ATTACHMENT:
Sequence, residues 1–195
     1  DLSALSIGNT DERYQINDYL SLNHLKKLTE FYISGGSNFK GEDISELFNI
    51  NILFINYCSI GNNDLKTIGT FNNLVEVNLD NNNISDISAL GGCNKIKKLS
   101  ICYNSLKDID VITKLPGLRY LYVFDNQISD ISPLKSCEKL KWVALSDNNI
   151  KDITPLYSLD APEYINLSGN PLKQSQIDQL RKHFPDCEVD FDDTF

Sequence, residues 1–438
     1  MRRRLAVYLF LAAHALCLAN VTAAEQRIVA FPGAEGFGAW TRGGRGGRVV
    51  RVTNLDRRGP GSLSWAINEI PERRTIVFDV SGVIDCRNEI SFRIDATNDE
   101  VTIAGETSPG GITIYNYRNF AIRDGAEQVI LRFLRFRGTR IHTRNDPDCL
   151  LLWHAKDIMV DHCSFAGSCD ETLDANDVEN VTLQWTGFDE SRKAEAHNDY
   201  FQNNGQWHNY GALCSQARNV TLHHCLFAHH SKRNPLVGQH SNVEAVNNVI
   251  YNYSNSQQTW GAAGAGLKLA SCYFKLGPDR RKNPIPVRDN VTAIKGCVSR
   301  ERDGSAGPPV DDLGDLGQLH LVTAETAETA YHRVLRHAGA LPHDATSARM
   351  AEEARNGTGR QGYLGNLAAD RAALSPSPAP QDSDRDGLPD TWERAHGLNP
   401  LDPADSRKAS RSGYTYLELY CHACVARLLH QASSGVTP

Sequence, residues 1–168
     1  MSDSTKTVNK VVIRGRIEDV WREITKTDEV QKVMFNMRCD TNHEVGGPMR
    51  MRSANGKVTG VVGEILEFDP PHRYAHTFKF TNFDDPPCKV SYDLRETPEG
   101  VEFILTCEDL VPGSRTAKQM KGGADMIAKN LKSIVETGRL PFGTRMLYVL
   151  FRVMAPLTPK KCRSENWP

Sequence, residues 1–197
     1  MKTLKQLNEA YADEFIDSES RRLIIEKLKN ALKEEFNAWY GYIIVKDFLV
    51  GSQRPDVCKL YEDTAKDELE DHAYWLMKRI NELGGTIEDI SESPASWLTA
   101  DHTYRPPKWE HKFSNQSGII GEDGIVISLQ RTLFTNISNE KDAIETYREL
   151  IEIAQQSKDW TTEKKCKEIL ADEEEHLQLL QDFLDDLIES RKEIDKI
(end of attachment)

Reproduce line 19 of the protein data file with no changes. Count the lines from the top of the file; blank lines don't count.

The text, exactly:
   101  VEFILTCEDL VPGSRTAKQM KGGADMIAKN LKSIVETGRL PFGTRMLYVL